Annual Consumption Difference to national average Estimated annual cost
2,100 kWh -50% €770.76
3,150 kWh -25% €1,022.45
4,200 kWh 0% €1,274.15
5,250 kWh 25% €1,525.85
6,300 kWh 50% €1,777.55

How much does gas cost in Ireland?

Annual Consumption Difference to national average Estimated annual cost
5,500 kWh -50% €556.76
8,250 kWh -25% €773.26
11,000 kWh 0% €989.74
13,750 kWh 25% €1,206.24
16,500 kWh 50% €1,422.72

What charges make up my gas and electricity bill?

In Ireland, electricity bills are made up of unit rates, standing charges, the PSO levy and VAT. Gas bills are made up of unit rates, standing charges, Carbon Tax and VAT.

In the case of pay-as-you-go electricity or gas, a prepayment service charge is also included.

Unit rates are set by suppliers and are charged based on how much gas and electricity you use. Standing charges are also set by suppliers and are charged daily.

Value-added tax (VAT) and Carbon Tax are set by the Irish Government. VAT on energy prices is set at 13.5% and Carbon Tax is set at €20 per tonne.

The Public Service Obligation (PSO) Levy is set by the Commission for the Regulation of Utilities (CRU). The PSO Levy is used to subsidise renewable energy generation and peat burning power plants in Ireland. The levy currently stands at €51.60 and is charged to all electricity customersin Ireland.

The prepayment service charge is set by Ireland’s pay-as-you-go gas and electricity suppliers.

What charges make up an electricity bill in Ireland?

Supplier Price plan Unit rate
per kWh
Standing charge
per day
PSO levy VAT Year one cost
Bord Gáis Energy Best Electricity Only Offer 19.3 cent 62.41 cent €51.60 13.5% €1,096.76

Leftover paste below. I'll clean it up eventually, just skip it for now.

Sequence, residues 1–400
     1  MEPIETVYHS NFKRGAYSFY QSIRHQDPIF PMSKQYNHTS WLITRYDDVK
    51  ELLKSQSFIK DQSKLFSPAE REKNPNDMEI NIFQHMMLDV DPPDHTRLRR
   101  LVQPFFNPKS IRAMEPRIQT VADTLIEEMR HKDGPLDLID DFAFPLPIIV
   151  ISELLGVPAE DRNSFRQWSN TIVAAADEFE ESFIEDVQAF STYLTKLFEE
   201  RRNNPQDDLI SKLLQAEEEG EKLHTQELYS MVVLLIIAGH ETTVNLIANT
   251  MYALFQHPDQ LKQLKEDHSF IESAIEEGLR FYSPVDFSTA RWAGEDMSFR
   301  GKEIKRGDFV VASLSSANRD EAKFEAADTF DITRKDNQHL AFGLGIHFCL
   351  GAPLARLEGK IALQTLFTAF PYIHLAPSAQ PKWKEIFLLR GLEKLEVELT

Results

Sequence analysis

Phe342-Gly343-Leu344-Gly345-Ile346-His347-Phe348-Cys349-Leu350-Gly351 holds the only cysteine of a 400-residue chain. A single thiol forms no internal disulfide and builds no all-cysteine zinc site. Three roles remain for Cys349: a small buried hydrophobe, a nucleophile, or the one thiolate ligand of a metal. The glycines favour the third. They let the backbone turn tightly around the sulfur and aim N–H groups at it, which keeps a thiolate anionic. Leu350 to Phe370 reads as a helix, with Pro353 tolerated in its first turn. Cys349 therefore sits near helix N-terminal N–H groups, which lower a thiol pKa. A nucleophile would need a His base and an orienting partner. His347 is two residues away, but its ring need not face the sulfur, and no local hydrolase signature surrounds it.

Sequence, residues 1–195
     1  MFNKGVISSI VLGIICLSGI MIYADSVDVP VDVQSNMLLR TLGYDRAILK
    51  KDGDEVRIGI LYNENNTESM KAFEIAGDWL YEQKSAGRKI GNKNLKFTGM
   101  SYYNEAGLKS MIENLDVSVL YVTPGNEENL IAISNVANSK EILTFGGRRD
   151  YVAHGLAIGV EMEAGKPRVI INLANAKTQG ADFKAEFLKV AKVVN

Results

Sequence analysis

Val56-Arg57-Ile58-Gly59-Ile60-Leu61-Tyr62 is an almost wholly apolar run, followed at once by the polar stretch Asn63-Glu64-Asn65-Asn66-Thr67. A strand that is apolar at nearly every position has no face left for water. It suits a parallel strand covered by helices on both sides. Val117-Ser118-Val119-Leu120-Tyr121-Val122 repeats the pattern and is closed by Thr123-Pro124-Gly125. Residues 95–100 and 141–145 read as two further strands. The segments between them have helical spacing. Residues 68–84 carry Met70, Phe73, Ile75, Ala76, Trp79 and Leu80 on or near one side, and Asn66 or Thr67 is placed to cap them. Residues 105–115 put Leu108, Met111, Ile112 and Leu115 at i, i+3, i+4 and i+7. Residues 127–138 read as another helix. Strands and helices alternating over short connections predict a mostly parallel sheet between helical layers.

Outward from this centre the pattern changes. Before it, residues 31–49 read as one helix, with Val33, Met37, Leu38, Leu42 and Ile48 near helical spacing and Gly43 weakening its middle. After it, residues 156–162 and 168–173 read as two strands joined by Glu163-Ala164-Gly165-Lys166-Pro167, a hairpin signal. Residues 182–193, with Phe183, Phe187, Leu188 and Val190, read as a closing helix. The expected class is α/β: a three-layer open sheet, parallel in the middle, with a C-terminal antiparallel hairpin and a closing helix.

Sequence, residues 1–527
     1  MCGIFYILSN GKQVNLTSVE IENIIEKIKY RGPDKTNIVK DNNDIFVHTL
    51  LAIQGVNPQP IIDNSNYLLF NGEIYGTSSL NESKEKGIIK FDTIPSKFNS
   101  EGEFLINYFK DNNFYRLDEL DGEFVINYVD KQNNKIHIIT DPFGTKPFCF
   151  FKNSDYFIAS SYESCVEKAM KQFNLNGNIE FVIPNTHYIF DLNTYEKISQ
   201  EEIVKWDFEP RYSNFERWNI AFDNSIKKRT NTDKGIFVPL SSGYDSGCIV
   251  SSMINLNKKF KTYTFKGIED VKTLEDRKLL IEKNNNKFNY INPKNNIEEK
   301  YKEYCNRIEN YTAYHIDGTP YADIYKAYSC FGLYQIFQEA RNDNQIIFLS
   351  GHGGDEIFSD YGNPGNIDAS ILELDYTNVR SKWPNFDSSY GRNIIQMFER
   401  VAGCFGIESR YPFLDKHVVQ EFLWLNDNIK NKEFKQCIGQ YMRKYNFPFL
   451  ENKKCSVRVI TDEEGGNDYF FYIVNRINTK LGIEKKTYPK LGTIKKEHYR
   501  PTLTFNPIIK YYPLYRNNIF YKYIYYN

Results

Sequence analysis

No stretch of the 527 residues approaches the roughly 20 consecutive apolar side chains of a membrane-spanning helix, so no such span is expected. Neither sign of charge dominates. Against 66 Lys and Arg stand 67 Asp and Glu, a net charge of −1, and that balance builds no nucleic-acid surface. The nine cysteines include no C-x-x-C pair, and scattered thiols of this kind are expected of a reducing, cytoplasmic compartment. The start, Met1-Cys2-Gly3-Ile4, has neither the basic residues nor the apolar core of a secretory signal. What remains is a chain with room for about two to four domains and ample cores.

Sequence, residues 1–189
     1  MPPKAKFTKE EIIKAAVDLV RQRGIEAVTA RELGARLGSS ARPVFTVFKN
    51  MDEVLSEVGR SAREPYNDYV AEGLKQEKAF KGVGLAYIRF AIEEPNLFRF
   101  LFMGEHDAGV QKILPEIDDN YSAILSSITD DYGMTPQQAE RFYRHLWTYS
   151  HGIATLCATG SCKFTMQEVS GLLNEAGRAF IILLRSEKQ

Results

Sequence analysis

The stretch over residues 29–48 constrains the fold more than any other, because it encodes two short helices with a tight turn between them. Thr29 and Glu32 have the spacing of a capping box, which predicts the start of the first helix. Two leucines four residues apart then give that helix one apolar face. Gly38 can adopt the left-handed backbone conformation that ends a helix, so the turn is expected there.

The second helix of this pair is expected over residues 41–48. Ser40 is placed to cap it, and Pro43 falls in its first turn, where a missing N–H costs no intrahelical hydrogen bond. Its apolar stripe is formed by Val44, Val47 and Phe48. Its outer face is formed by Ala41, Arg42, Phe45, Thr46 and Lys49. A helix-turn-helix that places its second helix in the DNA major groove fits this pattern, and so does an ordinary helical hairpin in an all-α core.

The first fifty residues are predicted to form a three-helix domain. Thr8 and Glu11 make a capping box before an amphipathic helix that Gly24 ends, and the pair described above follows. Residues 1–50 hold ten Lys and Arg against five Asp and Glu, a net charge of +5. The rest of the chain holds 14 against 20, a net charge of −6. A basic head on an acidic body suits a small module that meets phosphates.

Electric Ireland HomeSaver Electric+ 26% 17.74 cent 57.2 cent €51.60 13.5% €997.98
Bord Gáis Energy Green Electricity 36% 17.15 cent 62.41 cent €51.60 13.5% €1,006.67
Bord Gáis Energy Green EV Electricity 36% 17.15 cent 62.41 cent €51.60 13.5% €1,006.67
Electric Ireland EnergySaver 26% 17.74 cent 57.2 cent €51.60 13.5% €1,012.44

What charges make up a gas bill in Ireland?

Supplier Price plan Unit rate per kWh Standing charge per day Carbon tax VAT Year one cost
Bord Gáis Energy Best Gas Only Offer 5.53 cent 33.91 cent €66.66 13.5% €807.96
Bord Gáis Energy 25% Gas Only Offer 5.39 cent 33.91 cent €66.66 13.5% €792.23
Electric Ireland EnergySaver Gas 14% 5.42 cent 32.99 cent €66.66 13.5% €792.50
Electric Ireland 2-Year ValueSaver Gas (Direct Debit & Online Billing) 5.5% 5.96 cent 32.99 cent €66.66 13.5% €851.43
Electric Ireland Standard Gas (Direct Debit & Online Billing) 5.93 cent 32.99 cent €66.66 13.5% €848.06

What causes gas and electricity prices to change?

Changes to wholesale gas and electricity prices, changes to the PSO Levy, VAT and Carbon tax, and market conditions driven by competition between suppliers can cause your energy prices to change.

When Ireland’s energy suppliers decide to increase prices for households, it is usually as a result of increased wholesale gas and electricity prices or increased network charges.

If the CRU decides to increase the PSO Levy, or if the Irish Government decides to increase the VAT rate or Carbon Tax rate, your energy prices will go up too.

Suppliers sometimes cut prices for households to reward their existing customers and to compete for new customers.